Contributed by Bennett Jones LLP
The issues and potential liabilities for environmental matters continue to be important for businesses in Canada, whether for daily operations or new projects. Environmental legislation (statutes and regulations) in Canada is enforced by three levels of government: federal, provincial/territorial and municipal.
As in most jurisdictions around the world, it is an offence to discharge contaminants into the natural environment, and there are reporting obligations that must be complied with when certain discharges or spills occur. Approvals are typically required for activities capable of impacting the environment. It is an offence to cause or permit an unlawful discharge, fail to report in a timely manner, fail to obtain a required approval, or not comply with its terms. Offences can result in significant fines and penalties against companies as well as individuals. Projects can require the assessment of potential environmental impacts, particularly if there is government involvement.
Federal & provincial legislation
Under the Canadian Environmental Protection Act, 1999, the federal government can regulate substances in Canada. This includes imposing requirements for substances that are new to Canada and substances that are considered to be toxic, reporting information relating to the emission of pollutants into the environment, and the interprovincial and international movement of hazardous waste and recyclable materials. There is also federal legislation related to impacts on fish, the protection of species at risk and migratory birds.
Notably, the Canadian Environmental Assessment Act was overhauled in 2012. It now focuses on significant projects that are designated as requiring a legislative assessment, attempts to eliminate duplication between federal and provincial assessments, and imposes timelines for the completion of assessments.
Each province (and territory) has environmental protection legislation. For the most part, provincial legislation has the greatest day-to-day impact on businesses.
Typically, provincial legislation imposes requirements to obtain approvals for air or water discharges, and regulates contaminated sites (see below) and matters related to waste (creation, management and disposal). There are many new and emerging initiatives across Canada related to the recovery/reuse of waste materials by producers and importers (e.g. stewardship of recyclables, including electronics, etc).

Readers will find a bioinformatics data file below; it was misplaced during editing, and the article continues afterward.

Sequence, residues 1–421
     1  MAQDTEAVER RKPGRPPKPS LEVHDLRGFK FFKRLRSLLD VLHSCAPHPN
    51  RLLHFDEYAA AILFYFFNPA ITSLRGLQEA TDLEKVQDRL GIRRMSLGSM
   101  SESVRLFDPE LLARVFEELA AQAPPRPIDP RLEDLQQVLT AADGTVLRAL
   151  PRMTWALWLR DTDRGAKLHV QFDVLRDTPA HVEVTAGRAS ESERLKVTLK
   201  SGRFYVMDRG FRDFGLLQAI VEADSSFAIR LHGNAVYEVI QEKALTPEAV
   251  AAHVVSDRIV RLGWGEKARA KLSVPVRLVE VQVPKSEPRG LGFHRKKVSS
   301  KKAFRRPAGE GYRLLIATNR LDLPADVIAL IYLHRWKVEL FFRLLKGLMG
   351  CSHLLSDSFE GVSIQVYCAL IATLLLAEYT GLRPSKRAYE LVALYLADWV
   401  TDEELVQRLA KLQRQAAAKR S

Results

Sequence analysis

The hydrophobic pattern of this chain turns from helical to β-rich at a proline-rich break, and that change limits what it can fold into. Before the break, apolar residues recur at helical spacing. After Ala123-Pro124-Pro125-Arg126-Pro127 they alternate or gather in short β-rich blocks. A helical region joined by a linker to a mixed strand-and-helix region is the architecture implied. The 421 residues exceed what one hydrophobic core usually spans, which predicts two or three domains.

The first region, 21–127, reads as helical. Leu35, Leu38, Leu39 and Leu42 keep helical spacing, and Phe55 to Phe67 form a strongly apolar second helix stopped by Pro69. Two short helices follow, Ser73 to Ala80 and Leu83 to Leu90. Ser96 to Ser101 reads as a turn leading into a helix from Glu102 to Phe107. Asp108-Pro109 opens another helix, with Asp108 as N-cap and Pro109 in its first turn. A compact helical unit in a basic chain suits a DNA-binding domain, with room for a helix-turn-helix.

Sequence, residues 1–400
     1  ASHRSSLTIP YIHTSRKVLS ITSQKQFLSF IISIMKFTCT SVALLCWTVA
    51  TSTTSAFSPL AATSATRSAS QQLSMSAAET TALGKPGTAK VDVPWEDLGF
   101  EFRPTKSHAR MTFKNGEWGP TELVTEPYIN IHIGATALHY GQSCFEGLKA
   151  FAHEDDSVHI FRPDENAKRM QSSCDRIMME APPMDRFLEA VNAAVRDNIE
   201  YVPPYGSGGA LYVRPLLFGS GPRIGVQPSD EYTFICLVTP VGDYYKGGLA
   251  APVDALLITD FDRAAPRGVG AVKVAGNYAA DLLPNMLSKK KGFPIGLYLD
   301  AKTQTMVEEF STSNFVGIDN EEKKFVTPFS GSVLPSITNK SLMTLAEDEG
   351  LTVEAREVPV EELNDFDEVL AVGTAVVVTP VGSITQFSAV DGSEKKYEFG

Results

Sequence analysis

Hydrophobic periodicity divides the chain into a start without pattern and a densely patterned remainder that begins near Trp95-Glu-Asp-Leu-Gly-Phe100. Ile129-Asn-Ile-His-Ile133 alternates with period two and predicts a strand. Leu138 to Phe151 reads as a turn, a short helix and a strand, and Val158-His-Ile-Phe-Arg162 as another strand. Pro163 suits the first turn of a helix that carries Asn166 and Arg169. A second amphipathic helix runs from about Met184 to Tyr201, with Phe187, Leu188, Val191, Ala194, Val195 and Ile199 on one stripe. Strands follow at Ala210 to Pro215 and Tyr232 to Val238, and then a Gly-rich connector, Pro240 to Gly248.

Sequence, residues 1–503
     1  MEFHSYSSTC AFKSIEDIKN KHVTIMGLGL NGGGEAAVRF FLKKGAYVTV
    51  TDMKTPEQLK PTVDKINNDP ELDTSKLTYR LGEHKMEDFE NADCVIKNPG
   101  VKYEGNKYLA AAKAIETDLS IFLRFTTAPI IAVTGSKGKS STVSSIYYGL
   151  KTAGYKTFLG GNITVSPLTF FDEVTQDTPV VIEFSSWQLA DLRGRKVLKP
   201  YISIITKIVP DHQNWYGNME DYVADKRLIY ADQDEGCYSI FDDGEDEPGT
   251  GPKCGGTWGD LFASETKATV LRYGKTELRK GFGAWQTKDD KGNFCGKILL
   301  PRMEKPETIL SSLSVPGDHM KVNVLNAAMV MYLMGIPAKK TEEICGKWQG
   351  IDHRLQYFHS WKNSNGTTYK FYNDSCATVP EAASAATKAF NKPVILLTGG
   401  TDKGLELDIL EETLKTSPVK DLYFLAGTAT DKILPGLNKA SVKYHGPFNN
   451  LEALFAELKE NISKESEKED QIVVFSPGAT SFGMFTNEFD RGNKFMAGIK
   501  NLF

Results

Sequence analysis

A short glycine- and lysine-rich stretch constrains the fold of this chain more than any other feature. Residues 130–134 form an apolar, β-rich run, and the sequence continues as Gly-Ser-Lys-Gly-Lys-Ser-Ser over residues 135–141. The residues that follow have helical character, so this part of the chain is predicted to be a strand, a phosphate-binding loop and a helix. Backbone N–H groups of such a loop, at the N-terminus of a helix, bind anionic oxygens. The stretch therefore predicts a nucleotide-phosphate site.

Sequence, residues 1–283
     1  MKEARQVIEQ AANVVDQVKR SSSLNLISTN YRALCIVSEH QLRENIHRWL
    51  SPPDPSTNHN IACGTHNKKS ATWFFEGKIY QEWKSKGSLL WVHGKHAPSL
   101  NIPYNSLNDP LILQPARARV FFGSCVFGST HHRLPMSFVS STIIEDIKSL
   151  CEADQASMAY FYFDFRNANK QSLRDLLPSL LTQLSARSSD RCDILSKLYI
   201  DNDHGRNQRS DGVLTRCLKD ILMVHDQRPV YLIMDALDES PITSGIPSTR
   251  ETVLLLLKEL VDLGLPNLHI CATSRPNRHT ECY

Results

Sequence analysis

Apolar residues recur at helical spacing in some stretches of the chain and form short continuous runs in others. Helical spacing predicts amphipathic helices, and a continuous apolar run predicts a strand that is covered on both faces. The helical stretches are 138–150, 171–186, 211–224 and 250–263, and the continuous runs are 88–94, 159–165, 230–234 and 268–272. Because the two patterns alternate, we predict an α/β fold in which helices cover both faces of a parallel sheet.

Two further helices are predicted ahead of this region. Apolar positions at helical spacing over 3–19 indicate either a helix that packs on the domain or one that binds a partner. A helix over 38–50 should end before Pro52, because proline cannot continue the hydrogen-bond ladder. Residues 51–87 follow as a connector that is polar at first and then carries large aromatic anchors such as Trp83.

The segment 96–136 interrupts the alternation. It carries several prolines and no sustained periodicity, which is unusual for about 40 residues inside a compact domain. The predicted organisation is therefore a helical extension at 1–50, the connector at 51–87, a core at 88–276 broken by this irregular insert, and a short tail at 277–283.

Environmental legislation can impose significant penalties for infractions. Enforcement varies across the country, and within each province. In Ontario, maximum penalties can be as high as CAD10 million per day, and prison sentences are available. Minimum penalties can be imposed in certain cases. Some jurisdictions have introduced administrative penalties. There are also provisions that impose positive duties on officers and directors to take reasonable care to ensure their company complies with environmental law. In Québec, new provisions can impose personal liability on officers and directors who are presumed to have committed an offence when the company has committed an offence, unless the officer or director can prove that he or she exercised due diligence and took all necessary precautions to prevent the offence.
Municipalities derive their jurisdiction from provincial governments. On the environmental front, in addition to planning, municipalities have traditionally regulated matters such as noise and sewers. Municipalities looking to expand their powers in this area have introduced by-laws, for example, that require businesses to report their use of toxic substances (community "right-to-know").
Contaminated property and brownfield opportunities
Provincial legislation, for the most part, regulates contaminated property, including the investigation and remediation of suspected or known contamination. This can involve orders that require work to be done. The provinces have adopted criteria that are used to assess contamination. Some of the criteria are in legislation, while others are guidelines without the force of law on their own. Risk assessment continues to gain acceptance for addressing contamination.
There are live issues related to who is responsible for historic contamination, and these cases increasingly go beyond "polluter pays" to include prior and current owners and persons with control of the property. This is an evolving area, as are the cases related to civil liability and class actions for contamination. In 2012, the Ontario Ministry of the Environment ordered the former directors of a company to take over the investigation and remediation of a contaminated property that had been managed by the company before it went bankrupt. The orders have been appealed, and this will be an important case to watch.
The Constitution Act, 1982 protects the aboriginal and treaty rights of aboriginal peoples. The duty to consult and, if appropriate, accommodate, arises when the federal or provincial government has knowledge of aboriginal or treaty rights or traditional uses of land that may be impacted by contemplated governmental action. The Crown's duty to consult exists independently from any statutory obligation or any regulatory process. The scope of consultation depends upon the right and nature of the potential impact.